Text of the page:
The reopening of Laos to tourism in 1989 resulted in a remarkable turnaround in the city’s fortunes, as crumbling timber houses and colonial mansions were sensitively restored and transformed into immaculate guesthouses and boutique hotels.

 

Still, when sitting at the breakfast table in a cute budget guesthouse with no view of the river – though imbued with what the French might term ‘charmant‘ style & energy –  two fried eggs, a baguette & jam, plus a selection of lady finger bananas are delivered, in turn, to each of the travellers who gather  – one-by-one – in the dining pavilion.

The potted Lipton tea is a welcome addition, though I decline the condensed milk that’s poured from a tin.

Once on our way our walking tour of the town, I guess, officially begins at the Morning Market.

It proves impossible to select just one or two signature shots, so there’s more than a dozen that leap into my camera & onto the Olympus ‘xD’ M 1GB Memory Stick for safe-keeping:

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Wending our way eventually closer to the river we follow our pink-jacketed & pony-tailed Nes along the riverside path,

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wondering whether we’ll meet up with the guy offering a taste of scorpion wine as before.

But he’s not around this time; only others more seriously engaged in survival.

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Then it’s following along again though this time behind our chunkier leather-coated local guide, somewhat intent on finding …

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the incredibly-long-finger-nailed silversmith’s residence.

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He –  the master craftsman, Thithpeng Maniphone) – along with his workers, is busily working, fashioning silver …

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(… and, it’s known fact,  ‘Lao silverware is more than 95% pure, unlike the silverware in most other countries, including Thailand, which is usually only 92.5% sterling silver.  The near 100% silver content of silverware in Laos is a testimony of the high quality of the workmanship of Lao silversmiths who work mainly by hand to mold, twist, twine, and pull the very soft high-grade silver into the desired shapes and patterns’) …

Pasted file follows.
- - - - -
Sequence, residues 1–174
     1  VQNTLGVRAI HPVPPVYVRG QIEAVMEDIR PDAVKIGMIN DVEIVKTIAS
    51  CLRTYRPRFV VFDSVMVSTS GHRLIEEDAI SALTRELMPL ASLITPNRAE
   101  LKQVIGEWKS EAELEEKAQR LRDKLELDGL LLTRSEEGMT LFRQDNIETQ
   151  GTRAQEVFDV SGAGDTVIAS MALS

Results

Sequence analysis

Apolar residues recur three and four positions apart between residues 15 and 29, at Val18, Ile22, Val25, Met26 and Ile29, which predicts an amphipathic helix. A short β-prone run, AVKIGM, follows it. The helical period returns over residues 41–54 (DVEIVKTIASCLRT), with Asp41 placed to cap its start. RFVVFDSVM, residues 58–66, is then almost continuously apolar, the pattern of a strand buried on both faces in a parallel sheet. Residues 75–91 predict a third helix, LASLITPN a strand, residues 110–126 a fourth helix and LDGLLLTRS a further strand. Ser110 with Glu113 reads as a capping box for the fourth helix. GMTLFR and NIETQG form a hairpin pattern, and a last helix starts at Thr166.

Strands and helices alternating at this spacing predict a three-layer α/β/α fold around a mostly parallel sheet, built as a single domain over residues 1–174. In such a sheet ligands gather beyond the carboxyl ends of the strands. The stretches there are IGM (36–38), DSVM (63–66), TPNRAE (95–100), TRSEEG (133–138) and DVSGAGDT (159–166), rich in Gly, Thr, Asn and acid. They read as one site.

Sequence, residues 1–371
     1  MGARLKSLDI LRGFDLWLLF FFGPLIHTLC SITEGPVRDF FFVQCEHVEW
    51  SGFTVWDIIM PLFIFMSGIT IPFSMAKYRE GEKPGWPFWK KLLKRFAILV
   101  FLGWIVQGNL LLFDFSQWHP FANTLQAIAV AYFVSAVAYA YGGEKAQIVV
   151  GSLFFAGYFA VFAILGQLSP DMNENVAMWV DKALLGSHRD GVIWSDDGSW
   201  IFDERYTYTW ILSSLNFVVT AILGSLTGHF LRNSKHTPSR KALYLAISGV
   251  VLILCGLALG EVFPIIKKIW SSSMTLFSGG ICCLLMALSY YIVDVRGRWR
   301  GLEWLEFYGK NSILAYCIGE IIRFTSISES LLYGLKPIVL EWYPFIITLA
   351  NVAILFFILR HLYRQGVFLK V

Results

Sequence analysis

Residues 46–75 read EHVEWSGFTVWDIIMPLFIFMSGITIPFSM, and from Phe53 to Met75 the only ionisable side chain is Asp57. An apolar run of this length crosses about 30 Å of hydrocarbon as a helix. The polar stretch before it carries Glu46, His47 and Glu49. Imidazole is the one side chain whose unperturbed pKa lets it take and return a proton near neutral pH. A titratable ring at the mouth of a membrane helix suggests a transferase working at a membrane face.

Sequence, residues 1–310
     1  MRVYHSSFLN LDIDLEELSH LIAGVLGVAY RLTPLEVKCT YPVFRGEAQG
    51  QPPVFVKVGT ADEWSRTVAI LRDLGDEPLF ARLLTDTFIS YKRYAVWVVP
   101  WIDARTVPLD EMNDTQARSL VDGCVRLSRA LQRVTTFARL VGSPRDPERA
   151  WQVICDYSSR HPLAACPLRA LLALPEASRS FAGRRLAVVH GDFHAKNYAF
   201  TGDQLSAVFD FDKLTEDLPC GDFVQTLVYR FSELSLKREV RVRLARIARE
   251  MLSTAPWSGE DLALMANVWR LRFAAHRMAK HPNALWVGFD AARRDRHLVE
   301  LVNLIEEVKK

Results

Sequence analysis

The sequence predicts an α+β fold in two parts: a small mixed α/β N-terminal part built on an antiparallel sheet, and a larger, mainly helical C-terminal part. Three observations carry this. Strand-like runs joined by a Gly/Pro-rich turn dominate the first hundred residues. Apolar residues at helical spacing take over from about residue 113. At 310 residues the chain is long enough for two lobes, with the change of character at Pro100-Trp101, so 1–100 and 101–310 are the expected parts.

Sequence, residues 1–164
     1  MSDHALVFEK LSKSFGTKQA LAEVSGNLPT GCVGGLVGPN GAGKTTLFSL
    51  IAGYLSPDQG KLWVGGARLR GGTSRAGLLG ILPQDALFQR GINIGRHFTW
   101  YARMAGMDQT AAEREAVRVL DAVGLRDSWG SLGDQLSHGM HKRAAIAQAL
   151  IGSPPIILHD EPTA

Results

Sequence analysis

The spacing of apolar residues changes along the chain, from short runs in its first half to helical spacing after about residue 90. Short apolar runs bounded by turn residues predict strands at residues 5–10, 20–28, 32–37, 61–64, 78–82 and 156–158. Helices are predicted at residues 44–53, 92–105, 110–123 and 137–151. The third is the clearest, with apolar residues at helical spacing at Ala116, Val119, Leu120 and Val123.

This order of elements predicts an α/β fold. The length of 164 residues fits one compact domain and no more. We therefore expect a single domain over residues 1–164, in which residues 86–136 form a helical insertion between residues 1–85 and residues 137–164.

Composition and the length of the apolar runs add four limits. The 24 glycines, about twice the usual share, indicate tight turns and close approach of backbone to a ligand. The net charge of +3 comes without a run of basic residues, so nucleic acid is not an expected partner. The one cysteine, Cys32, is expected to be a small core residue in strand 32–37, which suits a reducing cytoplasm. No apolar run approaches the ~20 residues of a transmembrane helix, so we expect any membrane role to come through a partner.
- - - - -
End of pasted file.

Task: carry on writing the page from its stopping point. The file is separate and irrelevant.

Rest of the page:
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with the most appropriate tools of trade

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I’m intrigued enough by the craft.

Especially when I learn from reading Erik Cohen’s article entitled ‘International Politics and the Transformation of Folk Crafts- The Hmong (Meo) of Thailand and Laos’ at <http://www.siamese-heritage.org/jsspdf/1981/JSS_077_1g_Cohen_InternationalPoliticsAndTransformationOfHillCrafts.pdf&gt;

the disturbance and eventual destruction of the “traditional”
tribal life of the Hmong of Thailand, and especially of Laos,
through insurgency, war and flight, wrought havoc in the
Hmong economy, and made the Hmong accessible to the outer
world and receptive to craft production for the market as an
important supplementary source of livelihood.

Cohen goes on to say that the commercialisation of these crafts became important for establishing an ‘external identity’ for the people; meaning ‘in the eyes of the world into which they had been precipitately catapulted by historical events over which they had no control.’

The Hmong peoples had engaged in a wide variety of crafts including textiles & silversmithing in relative isolation until the Second Indochina War and its ‘repercussions, which came in the wake of earlier sporadic attempts of national and colonial governments to penetrate the highlands of continental Southeast Asia and impose their rule upon the tribal populations.’ Such  events brought drastic changes into the lives of the Hmong communities in Laos, & impacted decisively on the commercialisation &transformation of crafts.

In the 1950s restrictive measures were introduced that led to the eventual rise of insurgency & then its heavy-handed response as the Thai army began killing a significant amount of Hmong tribesmen, &  napalming villages; even  arbitrarily resettling tribes from the sensitive highland areas to lowland villages to become what’s known as ‘internal refugees’ – though hellbent on the transformation & commercialisation of their crafts as a matter of survival & , I guess, resistance.